Five inspiring Development and Peace ― Caritas Canada partners in Bolivia

By Romina Acosta Bimbrera, Communications and Public Relations Advisor

Development and Peace ― Caritas Canada has had a presence in Bolivia for over 30 years. Over this time, we have seen our work with local organizations produce results because our partners have remained steadfast in their service of the Bolivian people. This is what our Latin America programs officer Normand Comte has gathered. After years of collaboration; 12 days of travel; many hours on the road; visits with seven communities; and meetings with five partners and people reached by our projects, here are his observations.

The political and socioeconomic context of Bolivia

In the early 2000s, Bolivia was the poorest country in South America. Recently, many changes have occurred in the country. The most notable are the increased access of Indigenous people to education and positions of power; the nationalization of sectors such as gas and mining; and the reduction of external debt.

Inflation, the lack of economic diversification and the political crisis that has endured since 2019, have weakened the Bolivian state and precipitated a crisis, like the one in Argentina, of a significant paucity of foreign exchange reserves. In 2021, there where mass protests against Bill 1386, a law that sought to combat money laundering but was feared would increase the tax burden on small business. Bolivians want to retain all the additional public services that were deployed during the pandemic without having to pay higher taxes. This aggravates the economic instability of the country.

CEPROSI and CAEP: education and justice for women

The Centre for Education and the Promotion of Integral Health (CEPROSI, for its Spanish acronym) is one of Development and Peace ― Caritas Canada’s earliest partners in Bolivia. This small team of 12 can be very proud of achievements such as a leadership school for women, women‘s centers and various agroecology projects. The greenhouses they have created to grow green vegetables contribute to healthy lifestyles and food security. CEPROSI also helps reduce gender-based violence by involving husbands and children in the project and helping them better understand the importance of the work and contribution of women in society.

In the same vein, CEPROSI recently initiated a project on masculinity that has generated much interest among the people and local authorities. The project has encourages men accused of domestic violence, as well as police officers, to review their behavior and attitudes towards women.

For its part, the People’s Education Support Centre (CAEP, for its Spanish acronym) works in Huanuni with the women of the region’s miner community to empower them and help them break out of their isolation. It has also created various women’s associations and collectives. CAEP trains them to assert their rights and supports their involvement in committees that oversee a devolved government program called Citizen Participation and Social Control. These oversight committee ensure the proper management of municipal budgets allocated to the projects of women’s and youth organizations and of the projects themselves.

Indigenous communities and food security: the work of the NUNA Foundation and ALAS

Our work with the NUNA Foundation supports Indigenous families with product development through training. The goal is to involve people in collective work to bring about a real change in the mentality of the population. Support is rendered by agricultural technicians and through the construction of agricultural infrastructures. Families are taught the best techniques for boosting dairy production.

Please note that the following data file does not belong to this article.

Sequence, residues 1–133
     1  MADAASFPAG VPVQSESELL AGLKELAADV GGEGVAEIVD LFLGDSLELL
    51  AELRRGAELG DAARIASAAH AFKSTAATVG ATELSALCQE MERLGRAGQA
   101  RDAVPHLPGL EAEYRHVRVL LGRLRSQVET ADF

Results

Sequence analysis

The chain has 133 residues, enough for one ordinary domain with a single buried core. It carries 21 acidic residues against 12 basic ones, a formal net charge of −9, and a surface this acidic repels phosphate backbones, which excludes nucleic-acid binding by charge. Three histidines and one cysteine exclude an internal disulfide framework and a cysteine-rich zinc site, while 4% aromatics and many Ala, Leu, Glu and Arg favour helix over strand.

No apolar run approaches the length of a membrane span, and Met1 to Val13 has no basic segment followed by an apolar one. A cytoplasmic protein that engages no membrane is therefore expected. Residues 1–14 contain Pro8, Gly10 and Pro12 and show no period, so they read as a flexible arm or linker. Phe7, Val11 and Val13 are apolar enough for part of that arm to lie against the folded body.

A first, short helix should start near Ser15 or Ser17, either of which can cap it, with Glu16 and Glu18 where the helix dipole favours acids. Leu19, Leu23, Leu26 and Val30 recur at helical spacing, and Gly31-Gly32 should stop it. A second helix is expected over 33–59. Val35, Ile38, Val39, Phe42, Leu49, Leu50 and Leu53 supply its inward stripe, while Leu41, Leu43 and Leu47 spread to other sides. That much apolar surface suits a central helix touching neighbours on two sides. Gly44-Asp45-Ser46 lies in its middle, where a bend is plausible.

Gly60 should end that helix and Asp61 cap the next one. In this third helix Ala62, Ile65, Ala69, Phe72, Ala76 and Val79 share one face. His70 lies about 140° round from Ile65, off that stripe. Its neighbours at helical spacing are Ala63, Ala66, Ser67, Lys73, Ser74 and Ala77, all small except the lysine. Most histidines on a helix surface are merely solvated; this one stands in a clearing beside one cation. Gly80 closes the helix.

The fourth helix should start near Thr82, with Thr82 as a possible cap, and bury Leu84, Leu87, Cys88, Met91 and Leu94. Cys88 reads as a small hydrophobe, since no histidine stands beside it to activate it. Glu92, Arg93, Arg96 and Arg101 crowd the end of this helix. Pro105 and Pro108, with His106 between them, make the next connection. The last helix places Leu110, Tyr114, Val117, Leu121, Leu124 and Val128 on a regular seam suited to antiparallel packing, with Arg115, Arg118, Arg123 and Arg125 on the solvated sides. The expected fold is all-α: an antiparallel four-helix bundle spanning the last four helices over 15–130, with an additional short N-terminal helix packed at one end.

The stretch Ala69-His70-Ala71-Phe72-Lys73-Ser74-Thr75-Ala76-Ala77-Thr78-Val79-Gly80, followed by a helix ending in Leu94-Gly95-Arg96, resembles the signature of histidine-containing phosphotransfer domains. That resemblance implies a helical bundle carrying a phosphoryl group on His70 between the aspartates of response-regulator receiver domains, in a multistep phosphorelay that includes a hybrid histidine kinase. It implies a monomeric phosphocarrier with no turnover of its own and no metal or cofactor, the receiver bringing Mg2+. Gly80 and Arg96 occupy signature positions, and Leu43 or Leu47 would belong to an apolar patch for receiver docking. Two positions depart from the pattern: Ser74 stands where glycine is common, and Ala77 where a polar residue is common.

Some municipalities like Escoma in the province of Eliodoro Camacho, in the La Paz Department, have even set up mechanisms to encourage participation in milk production so that people can earn money by selling the milk for use in the state’s primary school breakfast program.

With our partner Legal Advice and Social Assistance (ALAS, for its Spanish acronym), we work on training and education with Indigenous communities. The community of San Javier, for example, has apiary and handicraft projects. There are also three hydroponics projects, two of which are based in schools. Through such projects, we hope to develop collective work in the community, involving not only students, but also their parents.

In 2019, following forest fires that incinerated over 786,000 hectares of land in the department of Santa Cruz, we collaborated with ALAS on reforestation projects.

For a green future: ecological justice and the CEPA

The work of the Center for Education for the Andean People (CEPA, for its Spanish acronym) is in line with Pope Francis’s encyclical Laudato Si’. We are working with them to highlight the importance of advocacy for better natural resource management and environmental protection. A good example of our collaboration is our work at Lake Uru Uru, which is endangered by mining pollution and climate change. We have participated in a communal clean-up of the lake, advocated to the government for its protection and supported the creation of women’s craft and gardening cooperatives to improve the quality of life of lakeside fishing communities.

Looking to the future

While three of our projects in Bolivia are ending this year, Comte’s visit was an opportunity for exchange and receiving new proposals for continuing of our work with impoverished populations. Development and Peace ― Caritas Canada will continue working side by side with its partners in Bolivia to ensure that no one is left behind and that people in vulnerable situations can have a greener, more equitable future.

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